Saturday, September 6, 2014

Acorn Woodpecker Video

I was looking at the Cornell Lab of Ornithology's website and I came across a fascinating video about Acorn Woodpeckers. The video was made by Marie Read and it is very well done. The footage and pictures are amazing. The video explains their foraging habits and how they store acorns in tree holes.  If you haven't heard or seen an Acorn Woodpecker it will be a surprise to see what they look like. They look a lot like little clowns. They have a blueish black back and black on the nape and a red crown. The bird has a bit of tan on the front of the head and around the bill there is black. Acorn Woodpeckers are common in there fairly limited range. There range goes from Southern Central America to to Northern Oregon and Southern Washington State. They live in social groups of up to a dozen or more birds. Take a look:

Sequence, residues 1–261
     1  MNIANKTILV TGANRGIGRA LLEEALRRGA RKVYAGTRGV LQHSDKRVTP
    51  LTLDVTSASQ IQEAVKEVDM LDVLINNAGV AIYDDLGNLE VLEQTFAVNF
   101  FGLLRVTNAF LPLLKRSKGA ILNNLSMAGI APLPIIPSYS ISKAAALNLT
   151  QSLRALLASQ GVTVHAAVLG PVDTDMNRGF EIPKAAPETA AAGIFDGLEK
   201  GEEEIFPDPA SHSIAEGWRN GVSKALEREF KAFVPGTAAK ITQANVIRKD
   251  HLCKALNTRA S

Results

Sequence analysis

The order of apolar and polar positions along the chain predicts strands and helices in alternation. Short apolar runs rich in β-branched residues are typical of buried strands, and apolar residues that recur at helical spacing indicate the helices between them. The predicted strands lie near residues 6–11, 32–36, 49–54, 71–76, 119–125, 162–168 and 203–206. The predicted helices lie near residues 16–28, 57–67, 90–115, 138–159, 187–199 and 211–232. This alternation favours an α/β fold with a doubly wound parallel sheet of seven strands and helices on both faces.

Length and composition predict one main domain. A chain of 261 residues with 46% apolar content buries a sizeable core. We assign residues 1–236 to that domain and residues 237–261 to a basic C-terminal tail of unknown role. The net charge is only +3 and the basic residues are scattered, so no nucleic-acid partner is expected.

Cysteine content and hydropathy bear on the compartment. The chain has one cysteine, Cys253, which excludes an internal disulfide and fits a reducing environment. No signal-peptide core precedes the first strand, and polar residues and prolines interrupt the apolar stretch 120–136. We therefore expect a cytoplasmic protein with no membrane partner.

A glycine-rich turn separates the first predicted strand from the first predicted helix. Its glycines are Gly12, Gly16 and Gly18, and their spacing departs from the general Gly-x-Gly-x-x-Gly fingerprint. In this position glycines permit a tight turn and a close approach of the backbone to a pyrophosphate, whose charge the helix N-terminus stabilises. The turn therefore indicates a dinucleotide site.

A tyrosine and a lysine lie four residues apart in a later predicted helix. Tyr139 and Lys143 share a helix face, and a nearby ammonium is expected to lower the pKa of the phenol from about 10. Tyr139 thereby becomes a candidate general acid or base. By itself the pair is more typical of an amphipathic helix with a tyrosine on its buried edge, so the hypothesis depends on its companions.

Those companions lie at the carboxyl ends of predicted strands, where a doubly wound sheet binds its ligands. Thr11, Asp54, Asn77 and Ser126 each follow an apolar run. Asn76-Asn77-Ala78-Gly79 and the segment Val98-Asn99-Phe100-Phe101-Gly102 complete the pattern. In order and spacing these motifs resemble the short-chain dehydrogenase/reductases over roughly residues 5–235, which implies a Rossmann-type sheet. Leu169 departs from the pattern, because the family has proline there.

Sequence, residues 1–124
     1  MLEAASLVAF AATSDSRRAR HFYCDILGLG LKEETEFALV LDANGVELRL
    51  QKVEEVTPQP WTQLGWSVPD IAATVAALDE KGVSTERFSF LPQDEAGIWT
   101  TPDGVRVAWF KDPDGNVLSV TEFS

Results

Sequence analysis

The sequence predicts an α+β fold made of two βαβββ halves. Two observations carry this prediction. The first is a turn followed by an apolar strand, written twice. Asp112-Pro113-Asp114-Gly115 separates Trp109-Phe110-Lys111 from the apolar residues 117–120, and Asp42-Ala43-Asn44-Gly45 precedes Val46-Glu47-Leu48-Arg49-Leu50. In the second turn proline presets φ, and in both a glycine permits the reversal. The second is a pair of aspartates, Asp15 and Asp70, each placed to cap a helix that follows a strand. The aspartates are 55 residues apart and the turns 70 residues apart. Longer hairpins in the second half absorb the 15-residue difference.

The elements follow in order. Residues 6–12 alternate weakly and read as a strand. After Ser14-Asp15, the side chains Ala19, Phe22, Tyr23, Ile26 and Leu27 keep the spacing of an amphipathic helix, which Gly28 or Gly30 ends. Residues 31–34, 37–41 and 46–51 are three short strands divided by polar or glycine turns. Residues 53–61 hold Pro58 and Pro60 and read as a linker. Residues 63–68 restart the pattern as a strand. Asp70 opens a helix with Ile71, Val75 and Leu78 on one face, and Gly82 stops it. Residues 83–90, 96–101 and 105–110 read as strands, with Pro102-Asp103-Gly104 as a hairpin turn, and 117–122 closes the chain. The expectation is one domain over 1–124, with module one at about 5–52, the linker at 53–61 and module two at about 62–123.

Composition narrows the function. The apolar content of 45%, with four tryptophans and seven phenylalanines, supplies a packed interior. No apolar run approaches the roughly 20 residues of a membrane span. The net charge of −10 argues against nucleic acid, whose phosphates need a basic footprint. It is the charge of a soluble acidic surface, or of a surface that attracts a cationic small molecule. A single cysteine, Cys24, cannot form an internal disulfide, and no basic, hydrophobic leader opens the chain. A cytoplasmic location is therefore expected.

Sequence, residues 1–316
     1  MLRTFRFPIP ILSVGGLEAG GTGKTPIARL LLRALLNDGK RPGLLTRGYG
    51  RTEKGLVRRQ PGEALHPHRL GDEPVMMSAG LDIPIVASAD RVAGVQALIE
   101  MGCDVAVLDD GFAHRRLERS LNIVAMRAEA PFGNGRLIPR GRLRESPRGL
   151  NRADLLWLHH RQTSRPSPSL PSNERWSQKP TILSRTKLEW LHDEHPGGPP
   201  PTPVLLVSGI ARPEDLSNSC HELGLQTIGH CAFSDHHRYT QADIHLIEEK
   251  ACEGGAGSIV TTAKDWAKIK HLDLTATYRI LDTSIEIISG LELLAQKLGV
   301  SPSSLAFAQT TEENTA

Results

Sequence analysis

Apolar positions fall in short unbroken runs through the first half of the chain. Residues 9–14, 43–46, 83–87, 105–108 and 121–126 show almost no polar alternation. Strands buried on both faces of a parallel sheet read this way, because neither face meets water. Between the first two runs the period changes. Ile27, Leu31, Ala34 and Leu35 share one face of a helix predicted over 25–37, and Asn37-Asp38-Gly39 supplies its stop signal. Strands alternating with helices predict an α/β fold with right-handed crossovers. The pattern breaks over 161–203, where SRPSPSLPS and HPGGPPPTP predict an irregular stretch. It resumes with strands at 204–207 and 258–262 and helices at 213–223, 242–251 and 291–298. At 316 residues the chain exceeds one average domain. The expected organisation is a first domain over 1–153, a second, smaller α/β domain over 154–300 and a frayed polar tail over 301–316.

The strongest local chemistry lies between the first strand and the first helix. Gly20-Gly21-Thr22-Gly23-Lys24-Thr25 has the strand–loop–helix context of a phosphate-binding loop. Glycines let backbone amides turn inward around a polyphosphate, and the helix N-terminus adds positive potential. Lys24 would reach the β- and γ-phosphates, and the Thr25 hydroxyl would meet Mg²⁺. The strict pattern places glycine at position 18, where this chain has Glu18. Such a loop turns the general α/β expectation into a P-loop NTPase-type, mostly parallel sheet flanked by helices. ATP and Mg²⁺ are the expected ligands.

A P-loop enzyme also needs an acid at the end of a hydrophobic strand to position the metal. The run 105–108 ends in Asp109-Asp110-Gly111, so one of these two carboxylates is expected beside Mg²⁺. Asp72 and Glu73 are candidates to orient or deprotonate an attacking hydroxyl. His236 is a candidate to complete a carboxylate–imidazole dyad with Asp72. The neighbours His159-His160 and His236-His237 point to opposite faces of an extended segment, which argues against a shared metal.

Friday, August 29, 2014

Small Park Lots of Birds

I went to a park that was recommended by a bird watcher I met a few days ago. The park was located just up the road from my grandma's house in Saskatoon.  She said that birds you would see were Blue-headed vireos and Wilson's warblers. When I arrived at this park one first look and I thought for sure that this lady had pulled a fast one and sent me to the worst place in the whole of Saskatchewan to bird watch.  I was wrong! Right when I was about to leave to go home, I heard the call of a Wilson's warbler. I found the Wilson's and then I started to scan for movement. There was a flash of grey and blue - it was a pigeon. After locating the commoners of the bird world I started looking for a Blue-headed vireo. After a half an hour of seeing the same Eastern kingbird I started to lose enthusiasm. Finally I gave up, I started to trudge out of the park in my wet and cold feet (I was wearing sandals). A dog walker came in and her dog started yapping at something. Then a little bird flew out of a Chokecherry bush to a crabapple tree. Thinking it was a Warbler or a finch I checked it out. It was a Blue-headed vireo! So, a humble, small park can mean lots of birds. The complete list is as follows: